“Accept and Utilize”: Alternative Medicine, Minimality, and Ethics in an Indonesian Healing Collective

Abstract

Cosmopolitan forms of alternative medicine have become very popular in contemporary Indonesia. Many healers have trained in an eclectic range of techniques, predicated on ontological claims so diverse that they call each other’s legitimacy into question. This article explores how a collective of alternative healers in central Java navigated the quandaries presented by such therapeutic eclecticism over a six‐year period. Healers’ engagement with, or indifference toward, the principles underpinning therapeutic efficacy fluctuated in ways that allowed them to surmount the dilemmas of Islamization, the changing demographic of their collective’s membership, and the threat of commercialization, thereby maintaining a medical landscape in which alternative healing was widely available and accessible. Transformations in their understanding, experience, and practice of healing should thus be understood in terms of how enduring ethical commitments are refracted through ongoing engagements with a changing social world.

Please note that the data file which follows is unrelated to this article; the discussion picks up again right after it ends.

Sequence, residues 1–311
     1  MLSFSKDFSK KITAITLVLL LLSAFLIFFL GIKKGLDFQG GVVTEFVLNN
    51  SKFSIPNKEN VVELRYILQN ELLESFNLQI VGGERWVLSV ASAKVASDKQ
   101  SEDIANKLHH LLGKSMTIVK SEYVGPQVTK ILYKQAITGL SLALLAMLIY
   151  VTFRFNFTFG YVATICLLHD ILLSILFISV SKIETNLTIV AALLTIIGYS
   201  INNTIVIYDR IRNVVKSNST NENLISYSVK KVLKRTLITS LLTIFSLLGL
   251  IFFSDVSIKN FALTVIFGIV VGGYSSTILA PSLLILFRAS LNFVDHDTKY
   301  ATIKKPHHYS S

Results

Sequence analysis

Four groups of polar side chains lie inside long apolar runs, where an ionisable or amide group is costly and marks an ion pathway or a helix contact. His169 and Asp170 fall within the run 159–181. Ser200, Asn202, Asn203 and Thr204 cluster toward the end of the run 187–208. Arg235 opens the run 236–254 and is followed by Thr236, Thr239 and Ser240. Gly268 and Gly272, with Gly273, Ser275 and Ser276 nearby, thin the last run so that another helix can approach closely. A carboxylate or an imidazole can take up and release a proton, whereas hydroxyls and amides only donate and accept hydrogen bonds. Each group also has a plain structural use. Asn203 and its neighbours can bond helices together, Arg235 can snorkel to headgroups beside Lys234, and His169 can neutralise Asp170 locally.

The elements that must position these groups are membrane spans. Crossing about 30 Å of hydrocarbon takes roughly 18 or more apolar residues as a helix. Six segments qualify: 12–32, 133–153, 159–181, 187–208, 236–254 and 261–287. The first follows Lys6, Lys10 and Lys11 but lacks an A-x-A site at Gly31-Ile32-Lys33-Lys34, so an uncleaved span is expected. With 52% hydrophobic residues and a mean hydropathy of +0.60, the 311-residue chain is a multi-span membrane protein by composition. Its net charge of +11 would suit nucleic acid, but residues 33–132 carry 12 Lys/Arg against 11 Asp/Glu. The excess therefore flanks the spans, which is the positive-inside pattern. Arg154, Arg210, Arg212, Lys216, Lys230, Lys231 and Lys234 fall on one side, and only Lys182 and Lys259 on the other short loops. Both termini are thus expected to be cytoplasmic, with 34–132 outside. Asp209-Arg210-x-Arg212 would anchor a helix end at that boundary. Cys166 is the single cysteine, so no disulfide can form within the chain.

Two public murals by high school students reveal the contours of subjectivity in the Indonesian district of Jepara. The image on the left shows the profound interconnections between the region’s historically prosperous carved teak furniture industry and feelings of nationalist and revolutionary pride, while the image on the right evokes the distress felt as environmental degradation and resource depletion contribute to the industry’s decline. Alternative healers play an important role in managing the difficulties precipitated by Jepara’s recent economic downturn, even as it confronts them with new professional dilemmas of their own. (Photo by Nicholas Long)